Big Cypress, Big Scam, Little Justice

According to Public Employees for Environmental Responsibility, or PEER, an official report from the Department of Interior’s Inspector General let stand a $120 million rip-off of the public over a land deal in Florida. In 2002, the Department of the Interior paid that sum to the Collier family (Collier County is named for the family patriarch, Baron Collier) for its gas and oil holdings in the Big Cypress National Preserve, located on the western edge of the Everglades.

Because the Collier clan are in tight with both Jeb and George, they qualified for a sum that was more than 12 times the amount the supposed energy holdings were actually worth. The BIG buyout was announced at a May 2002 White House ceremony intended to bolster the Bush bros’ environmental creds. It is notable that no significant oil or gas reserves have ever been found in Florida, mainly because it is formed primarily of oolitic limestone and spent most of the last hundred million years under water.

The nearly three-year investigation did find that Interior Secretary Gale Norton placed one of her top aides, Ann Klee (now the General Counsel for the EPA) in charge of closing the deal but made no other mention of Norton except to “commend” her for actions taken after another, similar land exchange scandal in Utah. Instead, Earl Devaney, the Interior Inspector General, repeatedly cited unnamed “political appointees” or vague forces. One key but typical passage of the IG report reads as follows:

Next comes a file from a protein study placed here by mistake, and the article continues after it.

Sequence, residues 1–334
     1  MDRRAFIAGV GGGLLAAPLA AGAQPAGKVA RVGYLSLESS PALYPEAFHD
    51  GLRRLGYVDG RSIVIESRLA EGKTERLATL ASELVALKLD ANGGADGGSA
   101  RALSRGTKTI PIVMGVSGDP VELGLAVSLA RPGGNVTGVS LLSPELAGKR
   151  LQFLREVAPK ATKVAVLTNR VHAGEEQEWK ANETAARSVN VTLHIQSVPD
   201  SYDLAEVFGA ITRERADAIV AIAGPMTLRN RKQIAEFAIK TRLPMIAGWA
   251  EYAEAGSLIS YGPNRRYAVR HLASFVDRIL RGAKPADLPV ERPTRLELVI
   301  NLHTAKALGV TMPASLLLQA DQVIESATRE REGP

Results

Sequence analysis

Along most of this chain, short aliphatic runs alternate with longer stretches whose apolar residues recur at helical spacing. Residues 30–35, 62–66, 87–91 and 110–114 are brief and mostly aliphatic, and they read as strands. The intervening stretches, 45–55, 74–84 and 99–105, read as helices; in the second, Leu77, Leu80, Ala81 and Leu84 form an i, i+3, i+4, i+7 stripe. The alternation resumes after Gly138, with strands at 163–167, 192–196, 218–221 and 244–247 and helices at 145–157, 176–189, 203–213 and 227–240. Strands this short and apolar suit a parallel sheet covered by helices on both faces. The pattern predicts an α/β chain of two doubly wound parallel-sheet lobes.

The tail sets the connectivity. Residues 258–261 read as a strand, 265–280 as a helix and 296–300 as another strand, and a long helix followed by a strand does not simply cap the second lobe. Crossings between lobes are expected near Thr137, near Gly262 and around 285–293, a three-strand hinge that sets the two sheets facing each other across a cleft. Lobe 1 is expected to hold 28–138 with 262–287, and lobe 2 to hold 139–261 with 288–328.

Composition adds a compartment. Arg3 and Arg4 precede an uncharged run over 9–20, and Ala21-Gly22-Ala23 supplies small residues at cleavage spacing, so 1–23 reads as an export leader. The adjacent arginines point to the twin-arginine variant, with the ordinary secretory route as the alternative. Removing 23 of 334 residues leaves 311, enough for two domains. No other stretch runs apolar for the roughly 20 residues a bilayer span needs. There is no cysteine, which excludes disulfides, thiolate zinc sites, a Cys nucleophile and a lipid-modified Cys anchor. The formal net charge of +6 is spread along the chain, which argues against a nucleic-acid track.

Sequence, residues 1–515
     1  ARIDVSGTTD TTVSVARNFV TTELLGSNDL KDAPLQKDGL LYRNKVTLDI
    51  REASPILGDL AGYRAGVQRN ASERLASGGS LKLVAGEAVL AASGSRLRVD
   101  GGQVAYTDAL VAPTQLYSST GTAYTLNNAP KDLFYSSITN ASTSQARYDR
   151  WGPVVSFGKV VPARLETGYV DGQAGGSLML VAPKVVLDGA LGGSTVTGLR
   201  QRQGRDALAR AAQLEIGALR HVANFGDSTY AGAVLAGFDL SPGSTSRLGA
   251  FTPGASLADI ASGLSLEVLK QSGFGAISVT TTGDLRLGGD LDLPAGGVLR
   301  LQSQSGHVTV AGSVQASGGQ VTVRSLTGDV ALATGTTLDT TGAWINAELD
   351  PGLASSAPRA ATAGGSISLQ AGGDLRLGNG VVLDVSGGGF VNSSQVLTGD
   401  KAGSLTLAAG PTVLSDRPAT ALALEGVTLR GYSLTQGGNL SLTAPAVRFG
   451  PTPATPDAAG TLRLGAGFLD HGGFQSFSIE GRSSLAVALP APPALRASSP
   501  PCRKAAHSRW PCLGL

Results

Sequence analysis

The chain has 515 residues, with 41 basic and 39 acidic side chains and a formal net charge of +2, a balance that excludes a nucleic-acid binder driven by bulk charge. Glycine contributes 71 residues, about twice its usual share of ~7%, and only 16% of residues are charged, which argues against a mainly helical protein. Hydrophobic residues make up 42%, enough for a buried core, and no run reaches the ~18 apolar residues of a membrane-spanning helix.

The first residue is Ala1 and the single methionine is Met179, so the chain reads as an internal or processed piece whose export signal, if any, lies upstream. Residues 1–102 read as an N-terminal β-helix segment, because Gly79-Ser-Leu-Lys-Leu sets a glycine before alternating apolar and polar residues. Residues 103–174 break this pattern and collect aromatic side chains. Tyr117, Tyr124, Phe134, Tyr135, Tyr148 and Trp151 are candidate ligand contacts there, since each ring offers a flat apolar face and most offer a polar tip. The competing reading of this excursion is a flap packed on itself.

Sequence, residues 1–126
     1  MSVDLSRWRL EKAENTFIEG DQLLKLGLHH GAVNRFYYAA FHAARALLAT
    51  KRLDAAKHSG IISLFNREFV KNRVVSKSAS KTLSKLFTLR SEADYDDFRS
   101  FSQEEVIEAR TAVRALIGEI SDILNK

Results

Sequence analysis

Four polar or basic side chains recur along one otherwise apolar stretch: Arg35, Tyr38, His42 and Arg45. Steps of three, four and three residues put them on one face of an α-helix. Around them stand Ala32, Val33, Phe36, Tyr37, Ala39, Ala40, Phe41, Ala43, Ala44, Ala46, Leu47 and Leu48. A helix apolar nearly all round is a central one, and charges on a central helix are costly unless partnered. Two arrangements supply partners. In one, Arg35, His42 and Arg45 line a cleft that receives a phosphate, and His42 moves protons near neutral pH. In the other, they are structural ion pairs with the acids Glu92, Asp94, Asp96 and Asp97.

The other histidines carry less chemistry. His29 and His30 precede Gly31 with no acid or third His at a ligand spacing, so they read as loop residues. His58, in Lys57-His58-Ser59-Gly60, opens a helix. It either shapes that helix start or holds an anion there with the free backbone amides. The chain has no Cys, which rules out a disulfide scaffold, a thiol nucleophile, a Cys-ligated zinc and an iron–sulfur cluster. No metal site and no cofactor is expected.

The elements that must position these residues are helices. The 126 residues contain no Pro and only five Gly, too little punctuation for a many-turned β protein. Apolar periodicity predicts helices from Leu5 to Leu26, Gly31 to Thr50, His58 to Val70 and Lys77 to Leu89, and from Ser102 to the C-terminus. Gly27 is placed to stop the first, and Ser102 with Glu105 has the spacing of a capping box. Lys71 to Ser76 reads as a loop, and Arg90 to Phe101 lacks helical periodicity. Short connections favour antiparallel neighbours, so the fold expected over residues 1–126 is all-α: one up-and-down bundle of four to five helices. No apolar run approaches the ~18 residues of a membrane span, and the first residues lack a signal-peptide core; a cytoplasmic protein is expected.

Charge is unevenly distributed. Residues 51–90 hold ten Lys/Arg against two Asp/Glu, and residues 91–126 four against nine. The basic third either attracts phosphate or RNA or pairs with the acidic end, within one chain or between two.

“Exploiting a combination of public policy, politics, and environmentalism, which was being fueled by the demoralization of career DOI employees, at one extreme, and synchophantical enabling, at the other, [Collier Resources Company] took complete advantage of a negotiating environment weighted heavily in its favor.”

PEER noted that beside the enormous payout, the deal also ran counter to President Bush’s drive to increase energy production on public lands and the administration’s moratorium on parkland purchases.

Congress has yet to appropriate the dough, though, so the deal’s still in limbo.


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